Hello, Hangzhou!

Hello from across the world in a new place that we’ve never created from!

In early March, we completed our Teaching English as a Foreign Language qualifications and after a single week of interviews we had an offer to join a company called English First in China. It was an opportunity too good to give up and after a few weeks of furious admin and planning we had gotten rid of all our stuff, booked our tickets and were on a plane with everything we owned in two suitcases . Finally, on the 23rd of April, Desmond and I landed in Hangzhou to undertake a whole new adventure.

We landed and got collected after a two-hour delay from Hong Kong and got to our new apartment on the 26th floor in a suburb that’s only existed for 15 years. The next morning we immediately left for our medical exam which was bizarre; we gave blood and urine samples and then went from tiny room to tiny room having our height and weight measured, our organs looked at through ultra-sound, ECGs attached to our bodies, eyes tested and full bodies x-rayed. Following this we went straight to our onboarding training at H4, the EF school in the Wulin West Lake district. Here we finally met our new co-teachers who were all getting ready to join the 8 different EF schools across Hangzhou. This was the first step toward Hangzhou starting to feel like home. Meeting local and international teachers who we could befriend and share experiences with whilst adjusting to this entirely new space and culture.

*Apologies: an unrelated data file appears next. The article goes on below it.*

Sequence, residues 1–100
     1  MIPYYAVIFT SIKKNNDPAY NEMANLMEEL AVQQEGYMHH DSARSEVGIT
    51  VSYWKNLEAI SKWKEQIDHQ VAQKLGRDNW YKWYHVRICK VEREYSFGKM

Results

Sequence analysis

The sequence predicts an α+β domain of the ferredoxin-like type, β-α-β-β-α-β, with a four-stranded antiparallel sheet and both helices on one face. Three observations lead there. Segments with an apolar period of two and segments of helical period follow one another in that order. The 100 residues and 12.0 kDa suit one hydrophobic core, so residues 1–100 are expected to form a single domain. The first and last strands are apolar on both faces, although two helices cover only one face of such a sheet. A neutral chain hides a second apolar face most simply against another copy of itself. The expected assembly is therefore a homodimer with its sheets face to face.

Now it’s mid-May and we’ve all completed our first week of actual teaching. It’s been exhausting but wonderful and our support group of co-teachers and new friends have made it a particularly easy adjustment. That and the fact that this city is really beautiful. Having spent 6 months in Johannesburg before leaving South Africa, I was anxious that a city of 10 million people would be a dangerous and overwhelming concrete jungle. It has been quite the opposite: every road is lined with trees and plants, beautiful birds are all over the city, there are mountains and bodies of water within 20 minutes of you wherever you are and you can walk or cycle around alone at any time of day or night without any danger to your personal safety. The only downside to China so far seems to be the air quality. I find myself checking the air quality daily before I leave the house in the morning and have some interesting observations. Being a cultural and new city, Hangzhou is particularly beautiful and clean and the only time we have bad air is when it’s blown in from more industrial cities in the North and East of here. Other than that, we have air quality between 20 and 80 for 90% of the time and considering that on an average day in London the air quality is 80, I’m quite content with this environment.

It’s been a busy few weeks and we haven’t done as much city exploration as we want to. What we have seen though has been wonderful. The attitude toward reusable and shared resources as well as the strong emphasis on recycling and the integration of nature into urban spaces makes the city tingle with greenery and life in a way that I haven’t experienced in South Africa. The attitude of sharing and appreciation of beauty is evident in the people who live here and the way the city has been planned and constructed and it’s wonderful to be submerged in this kind of space.